My last post, on the idea for an unconference aimed at increasing voter turnout, generated a lot of attention and conversation. It feels like there’s a groundswell of interest in, and concern about the impact of low voter turnout.
Around 15 people turned up to our first brainstorming/planning session (picture above); a mixture of digital democracy old hands and new faces. I was particularly pleased to see there were some actual young people joining the conversation (although it later turned out they were there by mistake, having turned up for MySociety’s regular hack night).
The conversation covered a lot of ground. Everyone felt low youth turnout was problematic, but had widely varying opinions on what the reasons for this were, and what can be done about them.
One theme was a belief that one’s vote isn’t worth all that much. This is of course true, but as this clever app from the most recent parliament hack shows, collectively the votes of all the young people who don’t normally turn out could return a very different House of Commons. So there is a job to be done to convince the non-voting public of their collective theoretical power.
This is tempered by the voting system that we have – a vote in a swing seat is worth more than one in a marginal. But short of a revolution, to change the system you need first to engage with it, and that means voting – and then doing more than voting, but campaigning and helping to shape the policy agenda.
And that brings me neatly on to the next theme – that civic engagement is about more than turning up once every five years. The focus on elections alone is part of the problem, so efforts at voter engagement need to be sustainable, and aim to keep people informed and engaged about the ways they can participate in-between general elections.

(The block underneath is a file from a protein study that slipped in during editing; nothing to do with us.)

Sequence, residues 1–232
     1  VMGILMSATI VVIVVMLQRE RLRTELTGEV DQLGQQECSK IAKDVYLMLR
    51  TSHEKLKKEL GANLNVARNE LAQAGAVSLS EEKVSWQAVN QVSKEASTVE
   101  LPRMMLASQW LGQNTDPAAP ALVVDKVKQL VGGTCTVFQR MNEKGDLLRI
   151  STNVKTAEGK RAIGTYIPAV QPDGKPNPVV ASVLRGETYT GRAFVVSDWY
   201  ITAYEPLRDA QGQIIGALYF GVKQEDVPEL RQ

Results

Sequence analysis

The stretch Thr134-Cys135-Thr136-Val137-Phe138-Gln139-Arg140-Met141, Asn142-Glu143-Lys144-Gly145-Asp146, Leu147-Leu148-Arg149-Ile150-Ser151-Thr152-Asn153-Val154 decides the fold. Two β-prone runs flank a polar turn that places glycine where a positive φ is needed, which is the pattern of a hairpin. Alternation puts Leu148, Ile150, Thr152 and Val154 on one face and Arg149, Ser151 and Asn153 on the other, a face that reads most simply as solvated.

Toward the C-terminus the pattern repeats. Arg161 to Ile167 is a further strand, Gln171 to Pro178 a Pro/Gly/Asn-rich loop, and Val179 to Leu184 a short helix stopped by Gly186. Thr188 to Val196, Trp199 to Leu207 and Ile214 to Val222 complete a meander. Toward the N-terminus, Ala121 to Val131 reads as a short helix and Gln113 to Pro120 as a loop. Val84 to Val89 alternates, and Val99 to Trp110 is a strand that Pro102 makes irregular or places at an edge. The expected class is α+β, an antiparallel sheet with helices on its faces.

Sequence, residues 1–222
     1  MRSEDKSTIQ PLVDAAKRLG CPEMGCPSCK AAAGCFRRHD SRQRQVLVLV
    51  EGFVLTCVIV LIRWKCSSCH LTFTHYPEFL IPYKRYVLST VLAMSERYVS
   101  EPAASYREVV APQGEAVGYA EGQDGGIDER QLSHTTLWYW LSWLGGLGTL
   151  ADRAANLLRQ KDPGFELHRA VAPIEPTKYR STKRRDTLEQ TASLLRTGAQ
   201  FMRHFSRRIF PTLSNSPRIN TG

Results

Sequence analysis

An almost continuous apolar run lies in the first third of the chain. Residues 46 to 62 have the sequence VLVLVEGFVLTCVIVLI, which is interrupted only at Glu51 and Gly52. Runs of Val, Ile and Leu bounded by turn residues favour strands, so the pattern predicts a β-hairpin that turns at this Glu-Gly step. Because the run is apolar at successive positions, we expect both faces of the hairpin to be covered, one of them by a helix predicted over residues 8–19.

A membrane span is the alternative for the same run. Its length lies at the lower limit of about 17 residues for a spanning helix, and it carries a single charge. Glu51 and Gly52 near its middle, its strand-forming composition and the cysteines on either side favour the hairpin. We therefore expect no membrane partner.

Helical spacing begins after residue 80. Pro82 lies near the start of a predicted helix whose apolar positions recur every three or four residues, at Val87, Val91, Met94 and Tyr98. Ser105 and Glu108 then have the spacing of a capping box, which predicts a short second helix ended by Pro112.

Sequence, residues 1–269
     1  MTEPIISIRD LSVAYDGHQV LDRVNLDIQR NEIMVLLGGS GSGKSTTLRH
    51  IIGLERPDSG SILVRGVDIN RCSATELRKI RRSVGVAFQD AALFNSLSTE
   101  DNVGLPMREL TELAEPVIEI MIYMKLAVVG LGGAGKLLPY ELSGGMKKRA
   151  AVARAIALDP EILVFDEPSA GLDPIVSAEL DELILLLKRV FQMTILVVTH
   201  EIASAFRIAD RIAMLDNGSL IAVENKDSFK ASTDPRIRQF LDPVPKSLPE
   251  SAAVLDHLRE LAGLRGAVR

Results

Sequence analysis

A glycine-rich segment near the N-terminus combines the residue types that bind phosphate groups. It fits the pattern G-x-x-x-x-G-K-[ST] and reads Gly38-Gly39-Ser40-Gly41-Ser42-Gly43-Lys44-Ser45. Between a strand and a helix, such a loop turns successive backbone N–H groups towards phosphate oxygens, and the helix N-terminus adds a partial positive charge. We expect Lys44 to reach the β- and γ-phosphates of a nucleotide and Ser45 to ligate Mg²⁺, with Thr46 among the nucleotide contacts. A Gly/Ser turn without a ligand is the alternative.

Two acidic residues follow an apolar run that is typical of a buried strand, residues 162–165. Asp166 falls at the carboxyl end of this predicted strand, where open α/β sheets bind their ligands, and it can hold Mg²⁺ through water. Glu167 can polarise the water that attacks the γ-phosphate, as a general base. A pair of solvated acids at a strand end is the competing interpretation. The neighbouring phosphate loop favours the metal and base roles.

The young people who attended talked about how they and their peers weren’t registered to vote – some because they weren’t sure how, and others because they believed registering would make them liable for council tax. With the introduction of individual voter registration from June this year, this could become even more confusing, so there’s work to be done to let people know why and how they should register. Because if you’re not registered, you can’t take part at all – it’s like a civic bouncer telling you “if your name’s not down, you’re not coming in”.
And there’s simply a lack of excitement. Voting isn’t sexy, and nor are most of the candidates on offer. Unlike the older generation, none of us have lived through a time when democracy was ever under threat, and perhaps we take it for granted. So we need to find ways to make democracy interesting again.
That, however, is a big ask. There’s a lot more we need to understand about what would make participation more appealing.
I’ve since spoken with a handful of organisations about how we can take this work forward, and we’re busy putting together a plan for first a research phase (exploring the reasons why engagement is low) and a means of getting people together to identify and develop some solutions.
The next step is to take this idea to a bigger group of people. James, Alex and I will be holding a session at UKGovCamp this Saturday,
24 25 January where we’ll aim to make this a more solid plan. Come along, join the debate via Twitter or the live blogs, or leave your thoughts in the comments below.